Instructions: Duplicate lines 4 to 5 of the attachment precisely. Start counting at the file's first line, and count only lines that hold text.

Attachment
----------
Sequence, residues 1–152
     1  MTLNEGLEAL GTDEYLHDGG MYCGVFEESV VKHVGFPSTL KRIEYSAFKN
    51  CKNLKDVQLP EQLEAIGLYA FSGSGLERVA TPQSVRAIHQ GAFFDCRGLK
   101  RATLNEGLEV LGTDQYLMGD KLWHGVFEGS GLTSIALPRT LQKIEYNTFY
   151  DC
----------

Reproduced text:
   101  RATLNEGLEV LGTDQYLMGD KLWHGVFEGS GLTSIALPRT LQKIEYNTFY
   151  DC